Twitch Hack Leaks App Code, Revenue from Streaming Stars

Video game streaming platform Twitch has suffered a data breach resulting in information about the revenue earned by the biggest game streamers leaked to online chat forum 4chan. “Find out how much your favorite streamer is really making!” the hacker wrote in a 4chan data dump labeled “part one.” The perpetrator claimed to have additional information about Twitch’s creator payouts, source code and internal security tools and creator payouts. Without confirming what data was taken, Twitch confirmed the breach, writing on Twitter, “Our teams are working with urgency to understand the extent of this.”

The Verge confirms that the hack was real, indicating that among the data stolen was code for a Steam competitor in development from Amazon Game Studios. “An anonymous poster on the 4chan messaging board has released a 125GB torrent, which they claim includes the entirety of Twitch and its commit history. The poster claims the leak is designed to ‘foster more disruption and competition in the online video streaming space,’” The Verge writes.

The purloined info includes the following, as reported in The Verge:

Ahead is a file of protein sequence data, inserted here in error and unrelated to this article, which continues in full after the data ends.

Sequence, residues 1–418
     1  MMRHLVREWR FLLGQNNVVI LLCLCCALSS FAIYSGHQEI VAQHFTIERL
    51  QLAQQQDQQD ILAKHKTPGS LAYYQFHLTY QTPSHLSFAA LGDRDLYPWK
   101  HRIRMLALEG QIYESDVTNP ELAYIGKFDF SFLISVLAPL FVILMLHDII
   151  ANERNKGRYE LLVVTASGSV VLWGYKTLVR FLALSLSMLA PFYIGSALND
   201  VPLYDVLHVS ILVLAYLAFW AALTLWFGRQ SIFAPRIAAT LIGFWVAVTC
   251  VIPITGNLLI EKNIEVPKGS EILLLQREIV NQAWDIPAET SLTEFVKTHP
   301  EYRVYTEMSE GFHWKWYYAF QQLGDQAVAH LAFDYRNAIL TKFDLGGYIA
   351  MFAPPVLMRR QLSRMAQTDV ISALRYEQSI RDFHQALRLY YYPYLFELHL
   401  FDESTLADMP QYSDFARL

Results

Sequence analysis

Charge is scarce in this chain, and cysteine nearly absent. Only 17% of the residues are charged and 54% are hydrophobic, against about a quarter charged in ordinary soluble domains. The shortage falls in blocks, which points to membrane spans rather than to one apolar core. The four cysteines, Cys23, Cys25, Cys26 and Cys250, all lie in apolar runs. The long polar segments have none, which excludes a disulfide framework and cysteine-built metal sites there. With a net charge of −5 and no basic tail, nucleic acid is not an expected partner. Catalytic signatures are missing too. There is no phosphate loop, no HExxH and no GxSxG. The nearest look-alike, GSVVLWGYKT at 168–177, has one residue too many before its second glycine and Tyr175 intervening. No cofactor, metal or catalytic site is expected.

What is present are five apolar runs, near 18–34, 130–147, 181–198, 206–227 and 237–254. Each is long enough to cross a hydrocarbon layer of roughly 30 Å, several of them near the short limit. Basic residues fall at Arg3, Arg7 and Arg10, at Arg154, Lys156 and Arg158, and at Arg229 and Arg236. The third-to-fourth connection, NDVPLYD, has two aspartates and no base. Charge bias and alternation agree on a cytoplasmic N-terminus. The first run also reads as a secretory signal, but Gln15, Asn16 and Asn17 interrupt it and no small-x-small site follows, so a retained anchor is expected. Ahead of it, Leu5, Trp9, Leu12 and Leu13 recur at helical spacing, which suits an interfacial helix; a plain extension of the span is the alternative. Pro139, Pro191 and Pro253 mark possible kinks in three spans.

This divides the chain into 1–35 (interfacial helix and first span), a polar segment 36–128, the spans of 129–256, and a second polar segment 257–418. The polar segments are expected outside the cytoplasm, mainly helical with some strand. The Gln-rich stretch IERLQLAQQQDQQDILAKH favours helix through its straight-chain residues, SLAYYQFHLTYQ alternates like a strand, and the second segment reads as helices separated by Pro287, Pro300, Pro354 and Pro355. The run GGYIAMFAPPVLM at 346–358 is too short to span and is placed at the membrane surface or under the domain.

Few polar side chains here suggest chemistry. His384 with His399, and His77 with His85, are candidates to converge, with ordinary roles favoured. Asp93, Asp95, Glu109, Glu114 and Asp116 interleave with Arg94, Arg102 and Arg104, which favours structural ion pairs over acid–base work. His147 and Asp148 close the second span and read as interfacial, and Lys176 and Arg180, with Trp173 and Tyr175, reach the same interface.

• 3 years worth of details regarding creator payouts on Twitch.
  • The entirety of twitch.tv, “with commit history going back to its early beginnings.”
  • Source code for the mobile, desktop, and video game console Twitch clients.
  • Code related to proprietary SDKs and internal AWS services used by Twitch.
  • An unreleased Steam competitor from Amazon Game Studios.
  • Data on other Twitch properties like video games database IGDB and CurseForge.
  • Twitch’s internal security tools.

The hacker references Amazon’s ownership of Twitch, posting a photo of Amazon founder Jeff Bezos alongside a post that said, “Jeff Bezos paid $970 million for this, we’re giving it away FOR FREE. #DoBetterTwitch,” according to The Wall Street Journal.

In 2014 Amazon bought Twitch, launched as Justin.tv, for about $970 million in cash. The platform, which allows people to watch others stream their gameplay, claims to have more than 2.5 million viewers at any time, with more than seven million creators streaming live each month, WSJ said, quoting internal Twitch data.

Hackers have over many years targeted gamers with goals of cheating or taking over accounts. Electronic Arts and Polish game developer CD Projekt SA both reported hacks earlier this year. The CD Projekt’s hackers in lieu of ransom said they planned to “auction source code for games on the dark web,” according to WSJ.

Related:
Twitch Data Leak Shows Some Streamers Make Hundreds of Thousands per Month, The Wall Street Journal, 10/7/21